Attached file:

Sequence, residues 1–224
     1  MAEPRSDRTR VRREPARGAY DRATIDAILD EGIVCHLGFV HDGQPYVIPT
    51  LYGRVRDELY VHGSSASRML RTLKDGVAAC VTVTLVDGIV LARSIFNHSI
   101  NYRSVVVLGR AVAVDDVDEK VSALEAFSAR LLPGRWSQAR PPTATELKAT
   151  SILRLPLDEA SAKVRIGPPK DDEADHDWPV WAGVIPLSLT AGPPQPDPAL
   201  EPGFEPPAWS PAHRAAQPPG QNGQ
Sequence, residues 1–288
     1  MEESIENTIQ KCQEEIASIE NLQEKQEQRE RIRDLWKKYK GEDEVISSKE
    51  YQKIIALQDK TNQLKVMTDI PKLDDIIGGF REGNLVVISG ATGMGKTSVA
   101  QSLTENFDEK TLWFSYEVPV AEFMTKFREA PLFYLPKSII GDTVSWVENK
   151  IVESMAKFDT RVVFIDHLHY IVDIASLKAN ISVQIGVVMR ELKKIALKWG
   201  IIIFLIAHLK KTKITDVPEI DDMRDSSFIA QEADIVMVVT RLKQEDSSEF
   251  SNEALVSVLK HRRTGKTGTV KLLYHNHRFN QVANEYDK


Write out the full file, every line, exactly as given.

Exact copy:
Sequence, residues 1–224
     1  MAEPRSDRTR VRREPARGAY DRATIDAILD EGIVCHLGFV HDGQPYVIPT
    51  LYGRVRDELY VHGSSASRML RTLKDGVAAC VTVTLVDGIV LARSIFNHSI
   101  NYRSVVVLGR AVAVDDVDEK VSALEAFSAR LLPGRWSQAR PPTATELKAT
   151  SILRLPLDEA SAKVRIGPPK DDEADHDWPV WAGVIPLSLT AGPPQPDPAL
   201  EPGFEPPAWS PAHRAAQPPG QNGQ
Sequence, residues 1–288
     1  MEESIENTIQ KCQEEIASIE NLQEKQEQRE RIRDLWKKYK GEDEVISSKE
    51  YQKIIALQDK TNQLKVMTDI PKLDDIIGGF REGNLVVISG ATGMGKTSVA
   101  QSLTENFDEK TLWFSYEVPV AEFMTKFREA PLFYLPKSII GDTVSWVENK
   151  IVESMAKFDT RVVFIDHLHY IVDIASLKAN ISVQIGVVMR ELKKIALKWG
   201  IIIFLIAHLK KTKITDVPEI DDMRDSSFIA QEADIVMVVT RLKQEDSSEF
   251  SNEALVSVLK HRRTGKTGTV KLLYHNHRFN QVANEYDK